November 9, 2022

How did the pandemic impact hospital visits with animals?

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Top pediatric oncology hospitals reported lasting changes to programs involving visits with animals

During the COVID-19 pandemic, many activities pivoted from in person to virtual. Now a new study led by Kaiser Permanente Washington Health Research Institute (KPWHRI) Senior Investigator Jessica Chubak, PhD, and published in the Journal of Pediatric Health Care shows that visits with therapy animals in hospitals were no exception. Researchers spoke with 18 top pediatric oncology hospitals in the U.S. about their animal-assisted activities programs to understand the impacts of the pandemic, finding that most hospitals reported lasting changes in how visits were conducted.

What are animal-assisted activities?

Animal-assisted activities are common in pediatric hospitals. Usually they involve a visit with a volunteer and their registered pet, and patients can pet or play with the animal. Previous research shows that patients report less pain, greater comfort, and positive emotional effects after interacting with animals, and the programs are also perceived by participants and hospitals to be popular and effective.

“Just being in the hospital is stressful, especially for children,” Chubak said. “In previous work we did with Seattle Children’s Hospital, we found that after visits with animals, patients reported much less distress than before the visit. Given the popularity and potential benefits of these visits, we wanted to understand the impacts of the pandemic on these programs.”

How did hospitals change their practices?

The researchers conducted surveys with 18 top pediatric oncology hospitals across the U.S.

All of the surveyed hospitals reported taking measures to protect against COVID-19 transmission. Before 2020, every hospital offered either in-person or both in-person and virtual visits with animals for patients. All but one reported suspending in-person visits for a period of time during the pandemic, and 5 had not returned to offering in-person visits, although they planned to go back to in-person visits at some point in the future.

All of the hospitals continuing to offer in-person visits also reported having written policies for animal-assisted activities that were developed with input from infection prevention and control professionals at their site. Some of the changes in protocols that they reported included shorter time limits for visits and additional training for animal handlers. Vaccination requirements for handlers and other COVID-19 precautions — such as symptom checks, masking, and testing for patients — were common. Some hospitals had also stopped group visits and were only conducting animal-assisted activities with one patient at a time. Many hospitals were more restrictive about which patients could visit with animals.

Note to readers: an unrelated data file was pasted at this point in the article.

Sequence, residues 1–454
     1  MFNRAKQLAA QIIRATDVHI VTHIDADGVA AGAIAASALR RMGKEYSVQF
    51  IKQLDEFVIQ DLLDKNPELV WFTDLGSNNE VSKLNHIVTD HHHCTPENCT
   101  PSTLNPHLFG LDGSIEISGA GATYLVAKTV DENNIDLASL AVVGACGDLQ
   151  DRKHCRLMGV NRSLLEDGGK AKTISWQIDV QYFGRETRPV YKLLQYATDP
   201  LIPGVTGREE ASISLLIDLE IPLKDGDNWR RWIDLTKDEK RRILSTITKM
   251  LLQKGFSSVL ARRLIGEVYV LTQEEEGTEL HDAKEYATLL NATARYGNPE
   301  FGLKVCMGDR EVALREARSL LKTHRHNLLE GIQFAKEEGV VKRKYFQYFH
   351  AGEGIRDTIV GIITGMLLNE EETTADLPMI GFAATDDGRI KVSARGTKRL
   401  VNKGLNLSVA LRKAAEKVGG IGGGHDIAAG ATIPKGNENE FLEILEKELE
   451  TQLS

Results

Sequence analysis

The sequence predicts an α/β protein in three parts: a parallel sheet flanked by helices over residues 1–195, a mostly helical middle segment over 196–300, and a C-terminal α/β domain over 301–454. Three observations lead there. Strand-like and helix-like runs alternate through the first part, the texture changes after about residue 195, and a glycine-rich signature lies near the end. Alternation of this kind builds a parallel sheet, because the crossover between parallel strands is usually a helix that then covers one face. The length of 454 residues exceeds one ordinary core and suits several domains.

“What we found is that the pandemic really impacted these visits with animals in the hospitals we looked at,” Chubak said. “All the hospitals took slightly different approaches to protect patients and handlers while trying to give them access to these visits. Our study helps us better understand what research could be useful going forward to inform continuation of these programs in the most effective way.”

What’s next?

Based on these findings, there are opportunities to study the effectiveness of virtual visits with animals for patients, to see how well those visits can take the place of in-person visits when infection concerns or other factors mean that in-person visits are suspended or reduced. It would also be useful to look at the effectiveness of various precautions to prevent COVID-19 transmission between volunteers and patients in pediatric hospitals.

Chubak and colleagues are currently analyzing data from a randomized controlled trial that took place before the pandemic. They are looking at the psychological effects of dog visits on hospitalized children with cancer and their parents, as well as whether microbes are transferred to patients’ hands during visits.

KPWHRI co-authors on the study are Gaia Pocobelli, Jennifer Bobb, Rebecca Ziebell, and Rene Hawkes.

By Amelia Apfel

Other researchers

Gaia Pocobelli, PhD

Collaborative Scientist
Kaiser Permanente Washington Health Research Institute

Jennifer F. Bobb, PhD

Associate Biostatistics Investigator
Kaiser Permanente Washington Health Research Institute

Pediatrics

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